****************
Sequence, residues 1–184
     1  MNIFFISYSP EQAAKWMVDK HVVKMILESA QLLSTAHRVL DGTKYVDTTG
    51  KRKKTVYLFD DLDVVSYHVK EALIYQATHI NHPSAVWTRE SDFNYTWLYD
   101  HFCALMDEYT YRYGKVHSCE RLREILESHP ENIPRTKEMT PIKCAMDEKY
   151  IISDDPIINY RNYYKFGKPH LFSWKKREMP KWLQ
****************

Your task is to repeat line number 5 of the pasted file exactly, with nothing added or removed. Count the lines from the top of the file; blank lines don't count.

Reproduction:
   151  IISDDPIINY RNYYKFGKPH LFSWKKREMP KWLQ